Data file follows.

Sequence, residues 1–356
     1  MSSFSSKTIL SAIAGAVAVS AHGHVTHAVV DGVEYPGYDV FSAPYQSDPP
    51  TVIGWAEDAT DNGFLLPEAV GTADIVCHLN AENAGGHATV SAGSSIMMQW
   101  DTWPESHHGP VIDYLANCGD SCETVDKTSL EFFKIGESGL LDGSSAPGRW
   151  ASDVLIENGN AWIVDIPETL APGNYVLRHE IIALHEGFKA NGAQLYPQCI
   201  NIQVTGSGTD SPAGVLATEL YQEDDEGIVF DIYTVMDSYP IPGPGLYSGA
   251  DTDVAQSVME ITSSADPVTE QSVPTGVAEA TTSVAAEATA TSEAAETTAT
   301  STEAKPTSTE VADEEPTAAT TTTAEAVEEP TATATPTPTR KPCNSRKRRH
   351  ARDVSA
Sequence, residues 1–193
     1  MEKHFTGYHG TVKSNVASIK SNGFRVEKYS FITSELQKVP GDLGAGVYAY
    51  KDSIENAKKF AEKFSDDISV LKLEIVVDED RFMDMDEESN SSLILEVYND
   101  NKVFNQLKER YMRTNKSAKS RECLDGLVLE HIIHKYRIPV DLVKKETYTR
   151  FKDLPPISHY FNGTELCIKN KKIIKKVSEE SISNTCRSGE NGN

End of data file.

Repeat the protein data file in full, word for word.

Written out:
Sequence, residues 1–356
     1  MSSFSSKTIL SAIAGAVAVS AHGHVTHAVV DGVEYPGYDV FSAPYQSDPP
    51  TVIGWAEDAT DNGFLLPEAV GTADIVCHLN AENAGGHATV SAGSSIMMQW
   101  DTWPESHHGP VIDYLANCGD SCETVDKTSL EFFKIGESGL LDGSSAPGRW
   151  ASDVLIENGN AWIVDIPETL APGNYVLRHE IIALHEGFKA NGAQLYPQCI
   201  NIQVTGSGTD SPAGVLATEL YQEDDEGIVF DIYTVMDSYP IPGPGLYSGA
   251  DTDVAQSVME ITSSADPVTE QSVPTGVAEA TTSVAAEATA TSEAAETTAT
   301  STEAKPTSTE VADEEPTAAT TTTAEAVEEP TATATPTPTR KPCNSRKRRH
   351  ARDVSA
Sequence, residues 1–193
     1  MEKHFTGYHG TVKSNVASIK SNGFRVEKYS FITSELQKVP GDLGAGVYAY
    51  KDSIENAKKF AEKFSDDISV LKLEIVVDED RFMDMDEESN SSLILEVYND
   101  NKVFNQLKER YMRTNKSAKS RECLDGLVLE HIIHKYRIPV DLVKKETYTR
   151  FKDLPPISHY FNGTELCIKN KKIIKKVSEE SISNTCRSGE NGN